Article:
But now, here are some of the ways smartphones are changing up the game.


We all have to do standardised tests and OTJs, and I think by now we all realise that this just isn’t enough. It’s a narrow view of learning in a mucky system fraught with inconsistencies. I’m not saying they are useless – they have their place – I’m just saying traditional tests and government mandated judgments should not be the be-all-and-end-all.

Assessment needs to be holistic. We need to value competency based achievement and personal growth right alongside traditional academic achievement, on an equal footing.

Smartphones can facilitate the collection of both! Hoorah!

We can snap a picture of a piece of writing, or take a video of a child reading a story fluently, or explaining how they worked out a maths problem and use that as evidence that a child has met certain learning indicators. Use this evidence (along with other evidence – observations, traditional assessment etc.) to triangulate learning goals and next steps.

We can also collect evidence of participation and contribution in a game of tag at lunchtime, relating to others on the soccer pitch on a Sunday morning, collaboration skills during an inquiry, or responsibility and self-direction when working on personal goals.

Capturing team-work and participation                                              Capturing evidence of maths learning

Having a smartphone in your pocket and a quick trigger finger can validate and celebrate a wide range of learning.

It lets you record the hundreds of tiny snapshots, the highs and lows, the triumphs and tribulations of regular school life that whizz past a teacher every day.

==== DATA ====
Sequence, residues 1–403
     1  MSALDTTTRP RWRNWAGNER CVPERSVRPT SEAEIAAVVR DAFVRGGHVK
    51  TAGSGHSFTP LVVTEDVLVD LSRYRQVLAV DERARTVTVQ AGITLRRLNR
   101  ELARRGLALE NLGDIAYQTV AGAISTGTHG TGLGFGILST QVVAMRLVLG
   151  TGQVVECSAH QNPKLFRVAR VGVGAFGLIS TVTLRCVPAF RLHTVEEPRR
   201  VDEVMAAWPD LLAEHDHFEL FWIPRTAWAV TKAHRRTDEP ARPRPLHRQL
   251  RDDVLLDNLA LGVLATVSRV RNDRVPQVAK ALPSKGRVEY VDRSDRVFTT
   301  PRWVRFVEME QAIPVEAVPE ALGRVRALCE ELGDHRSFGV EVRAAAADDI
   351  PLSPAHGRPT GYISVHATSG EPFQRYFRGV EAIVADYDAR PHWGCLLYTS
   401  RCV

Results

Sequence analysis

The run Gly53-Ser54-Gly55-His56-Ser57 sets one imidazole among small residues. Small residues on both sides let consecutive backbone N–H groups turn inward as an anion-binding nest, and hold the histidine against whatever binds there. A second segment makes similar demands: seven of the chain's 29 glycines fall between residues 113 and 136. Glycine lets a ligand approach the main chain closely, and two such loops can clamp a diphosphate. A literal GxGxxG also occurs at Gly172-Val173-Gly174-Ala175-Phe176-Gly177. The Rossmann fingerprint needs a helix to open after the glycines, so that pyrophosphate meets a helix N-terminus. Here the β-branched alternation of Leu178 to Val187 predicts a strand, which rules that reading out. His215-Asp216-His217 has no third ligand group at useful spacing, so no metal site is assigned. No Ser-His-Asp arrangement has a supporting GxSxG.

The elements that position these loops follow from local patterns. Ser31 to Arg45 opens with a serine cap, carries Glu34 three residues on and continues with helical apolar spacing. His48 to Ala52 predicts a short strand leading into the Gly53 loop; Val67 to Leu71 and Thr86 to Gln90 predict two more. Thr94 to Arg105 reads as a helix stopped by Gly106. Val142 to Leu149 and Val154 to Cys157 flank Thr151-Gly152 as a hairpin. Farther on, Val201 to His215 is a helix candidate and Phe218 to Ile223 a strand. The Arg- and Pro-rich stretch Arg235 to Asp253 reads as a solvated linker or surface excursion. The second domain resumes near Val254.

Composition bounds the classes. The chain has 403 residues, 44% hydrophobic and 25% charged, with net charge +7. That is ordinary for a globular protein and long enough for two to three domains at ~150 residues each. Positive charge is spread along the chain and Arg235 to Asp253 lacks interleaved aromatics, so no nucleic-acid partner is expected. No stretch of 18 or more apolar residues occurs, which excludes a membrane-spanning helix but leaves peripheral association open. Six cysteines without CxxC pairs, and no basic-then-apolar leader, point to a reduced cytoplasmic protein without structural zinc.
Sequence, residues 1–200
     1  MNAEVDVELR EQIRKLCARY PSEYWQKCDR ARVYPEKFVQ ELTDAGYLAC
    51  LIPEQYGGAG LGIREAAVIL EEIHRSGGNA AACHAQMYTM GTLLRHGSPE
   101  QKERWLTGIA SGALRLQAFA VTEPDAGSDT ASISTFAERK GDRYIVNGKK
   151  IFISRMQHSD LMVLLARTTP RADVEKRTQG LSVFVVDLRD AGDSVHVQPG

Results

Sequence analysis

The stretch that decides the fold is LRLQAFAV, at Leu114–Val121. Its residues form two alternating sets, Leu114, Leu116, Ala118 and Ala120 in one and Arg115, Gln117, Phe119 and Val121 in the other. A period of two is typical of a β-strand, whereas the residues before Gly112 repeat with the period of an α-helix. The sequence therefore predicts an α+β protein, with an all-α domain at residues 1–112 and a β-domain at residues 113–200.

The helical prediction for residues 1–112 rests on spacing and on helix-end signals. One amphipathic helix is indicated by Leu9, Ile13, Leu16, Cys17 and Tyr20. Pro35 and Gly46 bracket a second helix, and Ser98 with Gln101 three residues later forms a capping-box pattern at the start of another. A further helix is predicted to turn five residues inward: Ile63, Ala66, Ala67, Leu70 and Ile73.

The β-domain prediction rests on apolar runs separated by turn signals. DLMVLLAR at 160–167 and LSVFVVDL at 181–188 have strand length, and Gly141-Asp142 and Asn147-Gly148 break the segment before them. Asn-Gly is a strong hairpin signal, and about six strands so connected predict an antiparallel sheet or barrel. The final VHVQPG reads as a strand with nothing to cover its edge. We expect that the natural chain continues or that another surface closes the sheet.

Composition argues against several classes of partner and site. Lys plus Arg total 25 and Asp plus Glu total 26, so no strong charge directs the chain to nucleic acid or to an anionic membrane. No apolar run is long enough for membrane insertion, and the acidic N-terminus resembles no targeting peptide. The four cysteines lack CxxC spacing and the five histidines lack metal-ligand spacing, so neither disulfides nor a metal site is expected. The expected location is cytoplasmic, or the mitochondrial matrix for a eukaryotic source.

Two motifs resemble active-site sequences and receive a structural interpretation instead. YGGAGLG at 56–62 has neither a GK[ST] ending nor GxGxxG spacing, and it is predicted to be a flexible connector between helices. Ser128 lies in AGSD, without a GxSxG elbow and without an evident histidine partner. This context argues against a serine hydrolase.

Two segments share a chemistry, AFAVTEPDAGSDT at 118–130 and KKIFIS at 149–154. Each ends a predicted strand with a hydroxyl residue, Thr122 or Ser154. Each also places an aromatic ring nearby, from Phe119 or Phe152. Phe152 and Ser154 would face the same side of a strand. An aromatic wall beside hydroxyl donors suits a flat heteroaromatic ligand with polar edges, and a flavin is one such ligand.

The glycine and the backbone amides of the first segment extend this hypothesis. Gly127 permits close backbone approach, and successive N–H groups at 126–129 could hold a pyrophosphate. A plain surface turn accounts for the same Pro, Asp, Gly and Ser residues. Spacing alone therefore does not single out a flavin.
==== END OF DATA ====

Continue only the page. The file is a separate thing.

But then you need to do something with the collected evidence of learning right?

Photos, videos, and audio can be put into an e-Portfolio: a living scrapbook of a child’s development across a wide range of learning areas. Media can also be put onto blogs and shared with parents, often minutes after it was captured. We have a weekly ‘Top Shots’ slideshow we put on our school blog every week filled with the week’s highlights, for example.

                       Capturing collaboration and tenacity                                   Capturing ability to sort and report information

This has been a big hit with whanau. It’s a window into school life, and can pull parents into the fabric of life at school, creating a closer home/school link – a central determiner of a child’s success and happiness.

This has been especially powerful on camp recently too, with teachers reporting live from the field and posting to the blog. Parents have commented that these posts have been reassuring and entertaining, and many have been checking multiple times throughout the day.

                   Capturing responsibility and trust                                     Capturing self-direction and basic facts recall

Communication / Translation

I talked a little bit about this in a previous post, but having quick access to a translation app has been so beneficial to the ESOL learners in our hub. Harder technical words can be translated into the native tongue, so kids can really get a grip on what and why they are learning.

So, there are a couple of ways smartphones can be utilised inside and outside of classrooms. They help you to:

  • stay organised, connected, and enjoy PD in your pajamas 
  • collect, asses, and share a wide range of rich learning evidence.